The air is thick with vespa smoke, incredible architecture and a sweet smell of pastries that just haunts you on every street corner. This is the Naples that I was hoping to meet.
One step in and I could feel the underlining static pulsate through the streets of Naples, a city I’ve wanted to experience since moving to Florence. After hearing how dangerous the city is (or is it?), I arrived prepared with no diamonds dripping from my ears but rather a clunky Canon and iPad mini that clearly call attention. Naples is like any main city—you shouldn’t leave your wallet on a counter or wear all your valuables all on one day.
A part of me doesn’t want to believe the crime rumors I’ve read and heard about, but another part of me can feel that there’s this grit, a heat on the streets. The city’s intoxicating and although I wouldn’t move there, I can see why some Americans love calling it home.
Everything seems beat-up—there’s even graffiti on garbage cans and Baroque churches. Yet, the dirt and grime are not a turnoff; they’re alluring and part of the charm. It’s an Italy that not everyone gets to see and should be added to the typical list of: Florence, Rome and Venice.
The Subterranean Naples
Naples has a heartbeat that started way before the Renaissance and the Romans… which leads us to its underground cities. I was lucky enough to investigate the Subterranean Naples that makes up 80 kilometers of a city dating back to 470 B.C. that’s now 40 meters underground. For the Greeks it was Neopolis, meaning New City and for the Romans it was the perfect site for underground aqueducts and catacombs. What is now an underground museum was also used as a bombing shelter during WWII. The city has more depth than one would think.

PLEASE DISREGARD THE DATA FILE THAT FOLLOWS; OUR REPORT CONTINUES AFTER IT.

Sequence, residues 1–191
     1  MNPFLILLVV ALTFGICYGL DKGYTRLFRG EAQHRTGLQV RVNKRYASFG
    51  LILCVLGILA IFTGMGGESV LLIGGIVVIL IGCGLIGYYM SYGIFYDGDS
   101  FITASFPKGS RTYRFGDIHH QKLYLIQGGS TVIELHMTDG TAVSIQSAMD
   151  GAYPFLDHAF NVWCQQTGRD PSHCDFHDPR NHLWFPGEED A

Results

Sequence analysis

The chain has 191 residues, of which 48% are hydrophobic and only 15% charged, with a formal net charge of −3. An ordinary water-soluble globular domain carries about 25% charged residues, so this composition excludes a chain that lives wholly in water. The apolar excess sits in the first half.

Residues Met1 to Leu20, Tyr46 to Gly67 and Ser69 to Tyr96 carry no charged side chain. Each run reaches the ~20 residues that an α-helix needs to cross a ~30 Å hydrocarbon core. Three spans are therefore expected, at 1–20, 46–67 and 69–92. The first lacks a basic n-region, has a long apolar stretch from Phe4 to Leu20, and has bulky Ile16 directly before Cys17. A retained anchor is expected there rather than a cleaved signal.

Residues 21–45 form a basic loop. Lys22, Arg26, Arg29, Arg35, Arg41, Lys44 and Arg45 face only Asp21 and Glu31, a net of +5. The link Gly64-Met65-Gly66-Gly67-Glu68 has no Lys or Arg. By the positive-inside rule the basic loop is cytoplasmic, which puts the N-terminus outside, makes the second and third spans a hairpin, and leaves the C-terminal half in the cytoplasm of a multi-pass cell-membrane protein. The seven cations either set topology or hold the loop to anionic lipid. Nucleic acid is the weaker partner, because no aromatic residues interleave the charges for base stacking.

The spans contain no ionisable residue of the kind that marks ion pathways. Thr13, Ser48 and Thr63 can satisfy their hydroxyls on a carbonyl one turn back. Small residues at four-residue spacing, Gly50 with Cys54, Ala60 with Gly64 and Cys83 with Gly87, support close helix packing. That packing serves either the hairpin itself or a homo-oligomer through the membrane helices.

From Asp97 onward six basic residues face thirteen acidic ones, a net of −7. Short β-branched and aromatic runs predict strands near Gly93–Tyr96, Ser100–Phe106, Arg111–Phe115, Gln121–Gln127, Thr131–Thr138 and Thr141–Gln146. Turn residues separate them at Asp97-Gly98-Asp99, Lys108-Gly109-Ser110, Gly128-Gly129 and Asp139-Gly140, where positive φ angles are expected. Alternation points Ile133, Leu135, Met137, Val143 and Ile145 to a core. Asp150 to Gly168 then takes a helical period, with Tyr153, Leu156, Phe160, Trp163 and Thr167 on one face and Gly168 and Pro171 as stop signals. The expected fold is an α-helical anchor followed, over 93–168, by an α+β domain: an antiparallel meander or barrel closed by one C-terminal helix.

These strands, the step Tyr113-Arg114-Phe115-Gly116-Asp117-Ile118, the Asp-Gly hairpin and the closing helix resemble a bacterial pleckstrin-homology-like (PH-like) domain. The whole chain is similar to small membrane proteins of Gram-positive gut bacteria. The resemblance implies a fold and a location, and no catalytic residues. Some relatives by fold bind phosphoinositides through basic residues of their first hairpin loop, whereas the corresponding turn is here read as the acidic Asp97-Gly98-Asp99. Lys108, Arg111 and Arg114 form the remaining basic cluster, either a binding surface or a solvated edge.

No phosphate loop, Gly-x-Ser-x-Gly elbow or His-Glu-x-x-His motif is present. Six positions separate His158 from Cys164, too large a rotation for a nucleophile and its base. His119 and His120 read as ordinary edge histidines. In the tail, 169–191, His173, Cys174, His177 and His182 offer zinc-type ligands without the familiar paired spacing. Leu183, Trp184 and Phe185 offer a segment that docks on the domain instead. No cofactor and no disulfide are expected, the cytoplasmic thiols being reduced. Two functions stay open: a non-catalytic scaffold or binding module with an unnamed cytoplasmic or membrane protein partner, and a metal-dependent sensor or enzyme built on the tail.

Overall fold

A more modern twist of life underground is the very trippy metro system. The second day of visiting Naples I toured the crazy, psychedelic, space-like world of a metro system. Imagine it more as a museum, so if you aren’t into churches or galleries, then at least buy a metro ticket for 1.30€ and hop on and off each metro stop for some inspiration.
Mainly funded by the European Union, it’s a brilliant way to attract more locals and deter them from adding to the already congested streets above ground. The list of artist is predominantly Italian, many from Naples, but the roster also includes brilliant minds from around the world, like Katharina Sieverding and Sol LeWitt.
Although my stay in Naples was only three days I saw a lot thanks to Antonio from Instagramers Italia and Il Bello o Il Vero marble exhibit which runs until January 31st. They hosted me with a great group of fellow Instagramers from Italy. Unforgettable!
What do you think, will you ever visit Naples?
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